“We can make Jesus more important in our lives by putting Christ in the center of all we do,” says Nathaniel, 8. “We do this by finding pleasure in studying God’s Word, learning about him and hiding God’s Word in our heart that we might not sin against him.”
The issue in all of life always comes down to this question, “Who is the center of the universe?”
If I’m the center, then everything must revolve around me. Living the self-centered life is difficult because I can’t always get everyone to conform to my plan for their lives. It’s hard taking the place of God, but many try it.
With Jesus Christ as the center, my world takes on a decidedly different orbit. I’m now seeking to discover God’s game plan for my life and others. I don’t have the pressure of pushing my way to the top of a fantasy world where I’m the center.
As the good shepherd, Jesus will lead me in life paths that are good for me and others. People may misunderstand me or even ridicule me because I’m not following the crowd, but it’s OK because I’m living before an audience of One. I’m not living for people’s approval. I’m living in light of eternity. I’m not a soloist. I’m a team player, and God is calling the plays.
When the disciples of John the Baptist told him that the ministry of Jesus was increasing, he said, “He must increase, but I must decrease” (John 3:30).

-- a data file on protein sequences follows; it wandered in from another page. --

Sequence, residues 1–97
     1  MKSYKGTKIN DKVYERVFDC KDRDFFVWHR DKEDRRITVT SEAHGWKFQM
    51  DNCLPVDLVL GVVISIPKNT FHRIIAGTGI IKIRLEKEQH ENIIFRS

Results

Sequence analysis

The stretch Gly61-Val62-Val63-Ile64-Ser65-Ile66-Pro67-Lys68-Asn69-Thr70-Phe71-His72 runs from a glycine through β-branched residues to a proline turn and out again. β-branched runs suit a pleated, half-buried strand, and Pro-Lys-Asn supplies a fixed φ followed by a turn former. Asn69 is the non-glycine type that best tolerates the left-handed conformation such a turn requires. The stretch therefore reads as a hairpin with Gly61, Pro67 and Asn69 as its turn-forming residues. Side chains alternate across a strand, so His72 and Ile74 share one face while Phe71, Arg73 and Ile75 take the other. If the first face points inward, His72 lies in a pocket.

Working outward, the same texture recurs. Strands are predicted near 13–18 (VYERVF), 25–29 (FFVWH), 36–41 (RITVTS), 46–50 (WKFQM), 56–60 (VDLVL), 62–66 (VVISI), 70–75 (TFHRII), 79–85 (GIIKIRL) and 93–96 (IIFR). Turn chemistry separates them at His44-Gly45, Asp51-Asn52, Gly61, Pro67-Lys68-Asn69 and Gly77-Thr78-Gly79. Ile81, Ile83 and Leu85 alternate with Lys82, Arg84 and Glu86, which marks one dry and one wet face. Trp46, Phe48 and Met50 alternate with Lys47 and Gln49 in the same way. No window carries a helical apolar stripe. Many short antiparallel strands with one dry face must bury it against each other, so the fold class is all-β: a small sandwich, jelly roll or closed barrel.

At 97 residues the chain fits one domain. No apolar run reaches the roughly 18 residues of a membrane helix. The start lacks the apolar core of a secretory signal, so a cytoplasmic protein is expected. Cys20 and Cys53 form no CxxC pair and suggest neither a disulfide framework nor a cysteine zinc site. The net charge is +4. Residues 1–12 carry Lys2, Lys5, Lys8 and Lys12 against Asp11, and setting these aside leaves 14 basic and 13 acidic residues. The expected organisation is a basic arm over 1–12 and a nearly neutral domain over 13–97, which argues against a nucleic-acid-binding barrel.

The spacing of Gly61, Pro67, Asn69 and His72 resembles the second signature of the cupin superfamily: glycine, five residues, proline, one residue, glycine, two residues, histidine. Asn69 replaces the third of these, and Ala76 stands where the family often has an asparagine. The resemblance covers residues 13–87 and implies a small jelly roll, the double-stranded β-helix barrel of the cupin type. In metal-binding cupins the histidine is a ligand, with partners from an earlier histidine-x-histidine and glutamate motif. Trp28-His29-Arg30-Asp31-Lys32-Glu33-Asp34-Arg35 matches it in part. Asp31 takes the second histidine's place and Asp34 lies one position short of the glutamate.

How does Jesus increase? Use your memory, says Chandler, 8: “Remember all the times that Jesus saved you from something so that it will get you to believe in him.”
Short memories cause us to block God’s plan for causing Jesus to increase. We so easily forget where we were when God found us. The Bible paints a picture of God ever pursuing us when we were “lost.” Yes, lost. Without God, you are as lost as a goose flying north in the middle of winter.
To be found by God means you come face-to-face with the reality that the universe revolves around Jesus Christ, not you. You realize that when Jesus died on the cross, he died for your sins. You accept God’s free gift of eternal life by believing in Jesus as your savior.
Now that your eternal destiny is sealed, you can reorient your world as Grace, 9, suggests: “We need to be more like a servant and become less important because Jesus is the one who should be the most important.”
When Jesus’ disciples got in an argument over who was the greatest disciple, Jesus said, “He who is greatest among you, let him be as the younger, and he who governs as he who serves” (Luke 22:26).
I can guarantee this is not what the disciples had in mind when they argued over who was top dog. The disciples were shocked when Jesus washed their feet at the Passover meal on the night before his crucifixion. Slaves or household servants usually washed the feet of guests.
Think about this: As Jesus becomes more important in your life, you’ll think in ways you can’t even imagine now. Like the disciples, you’ll be shocked at what Jesus wants to do through you.
Memorize this truth: “He must increase, but I must decrease” (John 3:30).
Ask this question: Is Jesus increasing or decreasing in your life?